I often wear an open front double sling from OP/Tech when shooting events. I almost always have the "short" lens and camera body on the right side of my body and the "long" lens and camera body on my left.
Typically I use a Canon 5D Mark IV with an EF 24-70mm f/2.8 L (or EF 24-105mm f/4 L IS if the weather is a factor or I'll be in a rowdy crowd, or an EF 17-4mm f/4 L if I need the extra angle of view) and a 7D Mark II with an EF 70-200mm f/2.8L IS II. In low light I'll put my older 5D Mark III on the right side with the wider angle lenses mentioned above and use the 5D Mark IV with the 70-200mm on the left.
In extremely low light I'll go with something like an EF 35mm f/2 or 50mm f/11.4 on the 5D Mark III and an EF 85mm f/1.8 or, more often, an EF 135mm f/2 L on the 5D Mark IV on my left side.
Sometimes I might carry an extra lens in a pouch on my belt, but I usually leave all of my other lenses in my backpack bag. I'll switch when there's a break in the action or the activities move to a different venue, like weddings tend to do. I tend to not change lenses during the middle of any particular segment. I have, on occasion, carried a third body with a third lens on a more traditional neoprene neck strap (The one I got from Canon when I first joined CPS 'Gold") if I think I really need three different lenses. Four out of five times, though, when I do that I only use one of the three camera/lens combos rarely if at all. So I've learned to resist the temptation of letting that third camera get in the way.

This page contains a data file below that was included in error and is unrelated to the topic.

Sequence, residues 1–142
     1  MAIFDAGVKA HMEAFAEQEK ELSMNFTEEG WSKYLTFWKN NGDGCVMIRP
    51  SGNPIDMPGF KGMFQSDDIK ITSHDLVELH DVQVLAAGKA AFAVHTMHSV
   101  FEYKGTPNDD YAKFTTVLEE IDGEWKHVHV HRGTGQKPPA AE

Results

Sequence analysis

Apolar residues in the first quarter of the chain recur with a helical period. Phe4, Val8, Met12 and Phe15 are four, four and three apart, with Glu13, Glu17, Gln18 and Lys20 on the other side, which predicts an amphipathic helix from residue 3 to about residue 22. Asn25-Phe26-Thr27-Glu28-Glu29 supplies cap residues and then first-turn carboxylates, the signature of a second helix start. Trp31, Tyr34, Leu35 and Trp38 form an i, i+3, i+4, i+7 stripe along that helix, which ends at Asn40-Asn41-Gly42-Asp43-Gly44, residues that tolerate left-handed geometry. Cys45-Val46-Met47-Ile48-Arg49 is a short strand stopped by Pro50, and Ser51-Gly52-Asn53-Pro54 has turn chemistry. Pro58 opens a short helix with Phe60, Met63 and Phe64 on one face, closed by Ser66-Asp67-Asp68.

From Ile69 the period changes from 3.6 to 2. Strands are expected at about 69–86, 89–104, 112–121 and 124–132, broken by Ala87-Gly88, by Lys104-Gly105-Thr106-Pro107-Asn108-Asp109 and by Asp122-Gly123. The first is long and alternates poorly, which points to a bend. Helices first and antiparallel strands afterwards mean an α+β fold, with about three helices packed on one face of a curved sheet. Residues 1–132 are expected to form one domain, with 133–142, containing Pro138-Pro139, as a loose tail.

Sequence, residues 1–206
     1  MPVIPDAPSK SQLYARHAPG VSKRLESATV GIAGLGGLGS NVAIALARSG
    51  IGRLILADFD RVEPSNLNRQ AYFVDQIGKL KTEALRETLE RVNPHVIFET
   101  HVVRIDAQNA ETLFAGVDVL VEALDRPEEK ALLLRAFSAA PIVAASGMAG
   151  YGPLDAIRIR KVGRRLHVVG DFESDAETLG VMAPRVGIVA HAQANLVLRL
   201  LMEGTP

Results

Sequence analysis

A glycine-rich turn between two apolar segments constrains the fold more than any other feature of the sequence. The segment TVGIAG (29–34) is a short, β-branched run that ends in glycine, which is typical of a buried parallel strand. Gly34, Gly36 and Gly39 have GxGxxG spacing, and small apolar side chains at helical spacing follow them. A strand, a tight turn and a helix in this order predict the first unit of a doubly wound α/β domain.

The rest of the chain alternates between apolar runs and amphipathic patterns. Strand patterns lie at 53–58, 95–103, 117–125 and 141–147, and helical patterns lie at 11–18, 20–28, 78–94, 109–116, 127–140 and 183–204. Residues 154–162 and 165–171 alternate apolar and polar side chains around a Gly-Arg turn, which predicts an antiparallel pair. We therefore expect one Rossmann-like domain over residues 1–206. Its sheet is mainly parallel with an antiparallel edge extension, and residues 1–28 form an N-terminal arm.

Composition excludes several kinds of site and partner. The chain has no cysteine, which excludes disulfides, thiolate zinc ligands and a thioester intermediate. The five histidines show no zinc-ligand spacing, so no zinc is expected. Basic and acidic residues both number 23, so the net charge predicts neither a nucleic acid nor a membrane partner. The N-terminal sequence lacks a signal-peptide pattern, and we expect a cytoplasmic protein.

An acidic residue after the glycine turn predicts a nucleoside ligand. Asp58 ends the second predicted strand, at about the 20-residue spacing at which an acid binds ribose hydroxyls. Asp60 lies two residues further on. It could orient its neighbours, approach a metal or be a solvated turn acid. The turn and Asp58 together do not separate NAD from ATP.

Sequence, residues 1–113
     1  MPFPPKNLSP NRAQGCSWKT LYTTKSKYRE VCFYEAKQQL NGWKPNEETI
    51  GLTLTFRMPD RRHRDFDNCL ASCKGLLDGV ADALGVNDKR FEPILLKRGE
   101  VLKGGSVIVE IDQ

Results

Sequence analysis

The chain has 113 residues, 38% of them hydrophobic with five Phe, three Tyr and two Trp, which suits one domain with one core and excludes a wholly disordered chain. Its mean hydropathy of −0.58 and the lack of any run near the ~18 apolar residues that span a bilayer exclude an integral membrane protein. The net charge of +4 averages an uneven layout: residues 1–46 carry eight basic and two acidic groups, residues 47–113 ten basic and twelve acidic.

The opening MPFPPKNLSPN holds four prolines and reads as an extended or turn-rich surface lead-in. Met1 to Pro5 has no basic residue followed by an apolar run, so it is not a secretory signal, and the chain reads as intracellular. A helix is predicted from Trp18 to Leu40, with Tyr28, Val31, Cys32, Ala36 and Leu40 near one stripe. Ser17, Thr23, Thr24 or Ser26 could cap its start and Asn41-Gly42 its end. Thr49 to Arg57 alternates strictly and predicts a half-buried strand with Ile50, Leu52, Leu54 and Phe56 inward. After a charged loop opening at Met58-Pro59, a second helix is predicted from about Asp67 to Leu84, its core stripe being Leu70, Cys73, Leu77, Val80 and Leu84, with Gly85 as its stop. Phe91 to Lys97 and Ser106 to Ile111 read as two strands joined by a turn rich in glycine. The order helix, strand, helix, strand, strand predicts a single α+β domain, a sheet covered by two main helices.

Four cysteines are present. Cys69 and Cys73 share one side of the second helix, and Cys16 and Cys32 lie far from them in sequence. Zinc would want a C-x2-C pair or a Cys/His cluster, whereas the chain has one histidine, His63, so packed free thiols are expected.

Lately I've seen more wedding and "upscale" event photographers who use leather harnesses. I guess it sets them a bit apart from the crowd of other photogs? Some of them do look really nice, but I've never trusted slings/harnesses that only have a single attachment point into threaded tripod sockets that were designed to have compressive, not tensile, strength. Even if the tripod socket holds, most such design's weakest links are the little swivel pin that can loose the flattened head and dump your expensive camera and lens on the ground.
I wouldn't be willing to sacrifice the comfort, security of redundancy, and configurability of my OP/TECH Double Sling Neoprene harness. But that's me.